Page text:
MEXICO: The Yucatan in Mexico is known for its hammock culture. Here, 2/3 of children sleep in hammocks instead of beds, and there are even hammocks in hospitals! For this challenge, string up your own DIY hammock with a sheet and twine/rope. Attach it to your bedpost, a chair, or even a tree outside. Be sure to ask your parents first so that you choose a safe place.
The Giant Crystal Cave is a cave connected to the Naica Mine in Mexico with massive crystals. The average person can only stay inside for ten minutes because there is 99% humidity, whoa!
For this challenge, grow your own crystals at home with Epsom salts, food coloring, and a bowl. Turn off the air conditioning if you want to enhance the cave simulation, haha! Skip to 5:23 in the video below to learn more.
MEXICO: Making natural chewing gum is a fascinating, time-consuming, and dangerous job that dates back to the Mayas in the Yucatan. Chicleros climb high up to slash zig-zag patterns in the sapodilla trees with a machete, let the sap drain out, and then boil it until it turns into a thick paste, stirring all the while. They must be careful to avoid jaguars in the forest and falling machetes. Watch the videos below to learn more about this process.
MEXICO: In 2005, someone noticed that tourists, anchors, snorkelers, and divers were damaging the coral reefs in Mexico–in particular, the Manchones Reef. By 2013, an underwater museum (MUSA/Museo Subacuático de Arte) had been created around the reef, in order to help protect it. Currently, there are about 500 sculptures that have been placed in the ocean. In class, students took an old fish tank and made their own waterproof sculptures to place underwater. This was fantastic, until the tank started leaking! Beyond the physical representation, it would be easy to extend this project into a discussion about how observant and considerate we are of others and the world in which we live, particularly because the exhibit:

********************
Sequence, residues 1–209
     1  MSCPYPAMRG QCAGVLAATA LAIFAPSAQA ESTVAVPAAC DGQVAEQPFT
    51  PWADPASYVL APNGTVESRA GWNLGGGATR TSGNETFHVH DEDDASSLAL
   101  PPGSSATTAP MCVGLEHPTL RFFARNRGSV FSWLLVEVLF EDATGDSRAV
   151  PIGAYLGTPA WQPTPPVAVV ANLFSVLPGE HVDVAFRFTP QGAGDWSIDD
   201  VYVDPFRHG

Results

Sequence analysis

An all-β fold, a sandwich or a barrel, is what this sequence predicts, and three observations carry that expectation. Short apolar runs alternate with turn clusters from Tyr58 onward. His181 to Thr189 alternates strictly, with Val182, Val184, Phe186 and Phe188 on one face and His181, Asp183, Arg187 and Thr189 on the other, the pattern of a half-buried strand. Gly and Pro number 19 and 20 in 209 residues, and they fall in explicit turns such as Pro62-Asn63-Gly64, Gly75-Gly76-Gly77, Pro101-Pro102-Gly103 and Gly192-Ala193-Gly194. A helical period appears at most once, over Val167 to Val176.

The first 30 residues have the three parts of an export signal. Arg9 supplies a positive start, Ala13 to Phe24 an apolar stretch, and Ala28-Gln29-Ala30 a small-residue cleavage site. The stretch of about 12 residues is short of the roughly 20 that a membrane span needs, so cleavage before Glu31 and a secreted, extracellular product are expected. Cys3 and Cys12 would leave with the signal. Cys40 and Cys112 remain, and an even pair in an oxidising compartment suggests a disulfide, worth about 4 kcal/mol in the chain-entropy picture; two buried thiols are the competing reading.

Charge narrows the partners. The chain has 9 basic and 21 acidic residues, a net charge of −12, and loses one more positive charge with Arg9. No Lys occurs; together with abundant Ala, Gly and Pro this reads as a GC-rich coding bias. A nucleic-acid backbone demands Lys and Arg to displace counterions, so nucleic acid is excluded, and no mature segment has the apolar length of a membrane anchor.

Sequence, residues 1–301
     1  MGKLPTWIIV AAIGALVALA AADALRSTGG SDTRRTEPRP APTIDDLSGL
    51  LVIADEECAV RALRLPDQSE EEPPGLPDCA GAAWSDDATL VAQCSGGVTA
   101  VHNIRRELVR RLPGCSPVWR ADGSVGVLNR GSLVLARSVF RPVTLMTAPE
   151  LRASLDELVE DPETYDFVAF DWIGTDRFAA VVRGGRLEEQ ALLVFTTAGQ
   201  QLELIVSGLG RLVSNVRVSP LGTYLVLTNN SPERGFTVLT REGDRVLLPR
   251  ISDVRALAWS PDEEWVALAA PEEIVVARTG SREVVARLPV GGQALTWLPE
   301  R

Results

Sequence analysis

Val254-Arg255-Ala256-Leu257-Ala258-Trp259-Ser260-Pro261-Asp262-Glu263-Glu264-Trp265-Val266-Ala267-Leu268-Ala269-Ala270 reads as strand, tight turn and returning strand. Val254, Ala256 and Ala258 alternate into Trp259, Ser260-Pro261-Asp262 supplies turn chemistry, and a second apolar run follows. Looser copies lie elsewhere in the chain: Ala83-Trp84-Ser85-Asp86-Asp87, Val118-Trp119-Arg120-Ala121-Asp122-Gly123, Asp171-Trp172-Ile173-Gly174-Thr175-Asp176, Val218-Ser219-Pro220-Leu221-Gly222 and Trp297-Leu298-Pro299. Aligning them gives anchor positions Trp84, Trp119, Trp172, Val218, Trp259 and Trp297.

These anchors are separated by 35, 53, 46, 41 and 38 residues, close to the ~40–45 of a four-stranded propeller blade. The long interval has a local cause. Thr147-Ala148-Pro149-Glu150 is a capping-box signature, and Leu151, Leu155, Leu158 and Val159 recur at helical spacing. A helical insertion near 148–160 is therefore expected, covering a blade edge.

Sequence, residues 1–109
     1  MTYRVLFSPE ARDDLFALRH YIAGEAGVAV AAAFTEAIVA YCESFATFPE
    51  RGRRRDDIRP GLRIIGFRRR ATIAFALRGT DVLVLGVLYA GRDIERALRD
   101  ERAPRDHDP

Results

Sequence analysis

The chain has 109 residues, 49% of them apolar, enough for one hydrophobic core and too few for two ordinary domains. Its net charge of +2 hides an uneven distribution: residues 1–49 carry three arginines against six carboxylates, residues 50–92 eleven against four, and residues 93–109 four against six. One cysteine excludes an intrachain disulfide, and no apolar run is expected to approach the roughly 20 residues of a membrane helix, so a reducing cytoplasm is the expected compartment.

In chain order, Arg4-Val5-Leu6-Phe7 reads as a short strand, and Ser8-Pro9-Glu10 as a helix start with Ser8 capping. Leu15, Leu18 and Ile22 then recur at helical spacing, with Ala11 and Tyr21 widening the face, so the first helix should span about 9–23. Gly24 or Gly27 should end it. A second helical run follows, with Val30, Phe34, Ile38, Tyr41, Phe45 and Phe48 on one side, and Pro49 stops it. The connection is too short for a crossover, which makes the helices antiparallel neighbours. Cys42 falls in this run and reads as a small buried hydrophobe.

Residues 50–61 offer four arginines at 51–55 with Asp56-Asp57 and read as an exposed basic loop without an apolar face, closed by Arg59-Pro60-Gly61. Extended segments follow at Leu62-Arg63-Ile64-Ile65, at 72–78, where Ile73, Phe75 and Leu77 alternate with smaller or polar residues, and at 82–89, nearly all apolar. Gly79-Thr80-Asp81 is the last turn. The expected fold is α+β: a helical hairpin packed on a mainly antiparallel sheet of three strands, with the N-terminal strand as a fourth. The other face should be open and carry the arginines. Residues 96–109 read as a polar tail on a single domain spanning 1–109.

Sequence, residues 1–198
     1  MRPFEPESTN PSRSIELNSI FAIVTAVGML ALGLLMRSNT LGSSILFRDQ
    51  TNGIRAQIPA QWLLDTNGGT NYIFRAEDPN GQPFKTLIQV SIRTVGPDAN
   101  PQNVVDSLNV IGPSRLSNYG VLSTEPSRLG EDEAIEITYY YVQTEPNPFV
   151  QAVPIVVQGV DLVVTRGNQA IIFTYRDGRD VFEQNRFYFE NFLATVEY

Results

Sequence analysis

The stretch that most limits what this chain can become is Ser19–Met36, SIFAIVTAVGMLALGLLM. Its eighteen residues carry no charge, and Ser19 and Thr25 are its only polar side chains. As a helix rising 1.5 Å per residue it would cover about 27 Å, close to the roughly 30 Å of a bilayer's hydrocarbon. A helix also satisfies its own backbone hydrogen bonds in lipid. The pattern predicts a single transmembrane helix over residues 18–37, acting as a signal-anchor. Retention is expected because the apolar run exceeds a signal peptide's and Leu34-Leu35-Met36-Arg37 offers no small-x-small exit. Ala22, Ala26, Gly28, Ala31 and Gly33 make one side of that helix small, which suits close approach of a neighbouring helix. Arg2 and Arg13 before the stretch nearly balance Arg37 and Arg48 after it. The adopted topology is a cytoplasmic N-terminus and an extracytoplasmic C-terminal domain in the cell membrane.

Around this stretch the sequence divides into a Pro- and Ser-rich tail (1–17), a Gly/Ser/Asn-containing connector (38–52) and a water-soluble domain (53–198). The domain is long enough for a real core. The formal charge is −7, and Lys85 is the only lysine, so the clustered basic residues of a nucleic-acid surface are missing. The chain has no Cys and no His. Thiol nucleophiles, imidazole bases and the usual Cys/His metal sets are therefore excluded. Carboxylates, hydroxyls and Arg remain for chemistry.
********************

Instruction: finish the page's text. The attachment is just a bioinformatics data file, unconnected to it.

“shows how humans can live with nature and make a workable future between the two, but also how humans have damaged nature, specifically the coral reefs, and show no sympathy. The statues in The Silent Evolution show how some humans see their surrounding and embrace [it] while others hide their faces. Each statue was made to resemble members of a local fishing community where Taylor lives. Each statue has its own personality and features. Taylor made sure every detail from the hair to the clothes of the statues was perfect. They include a little girl with a faint smile on her face looking up to the surface; six businessmen with their heads in the sand, not paying attention to their surroundings; and even a man behind a desk with his dog lying him, but looking tired and uninvolved in the environment.“
MEXICO: This pyramid is called “El Castillo” in Chichen Itza (2:19-2:36). It was built hundreds of years ago by the Maya civilization, but the amazing part here is that twice a year, exactly on the Spring and Fall equinoxes, a shadow appears that aligns perfectly with a serpent’s head. How did the Maya figure this out?
For project ideas, one year Lower School students created almost 400 miniature cubes to literally build “El Castillo”. This year, third graders are using LED lights to create a shadow of the serpent’s tail inside a diorama. Aside: The video below is subtitled in Chinese, but narrated in English.
MEXICO: Alebrijes are mythical-type creatures and spirit animals. You may remember the alebrije Dante if you have seen the movie Coco. The origin of this art had an interesting beginning (read below). Fifth graders created their own alebrije out of papier-mâché.
“In 1936, when he was 30 years old, [Pedro] Linares fell ill with a high fever, which caused him to hallucinate. In his fever dreams, he was in a forest with rocks and clouds, many of which turned into wild, unnaturally colored creatures, frequently featuring wings, horns, tails, fierce teeth and bulging eyes. He heard a crowd of voices repeating the nonsense word “alebrije.” After he recovered, he began to re-create the creatures he’d seen, using papier-mâché and cardboard” (Source).
MEXICO: El Día de los Muertos (the Day of the Dead) is a day to honor family members who have passed away. This tradition dates back to the Aztecs. People believe that spirits come back to visit us from Oct. 31-Nov. 2nd. The skeletons you see are very happy to be reunited with their loved ones. People make ofrendas, or altars, in their homes to remember and honor their dearly departed. The movie Coco is a great introduction to this Mexican holiday, as well as the cortometraje/short film below. Keep scrolling to see an infographic contrasting Halloween and the Day of the Dead–they are not the same!
This is amate bark paper from Mexico. The Kid World Citizen blog has an article about amate paper and a great project how-to. Read below for a quick history of the art.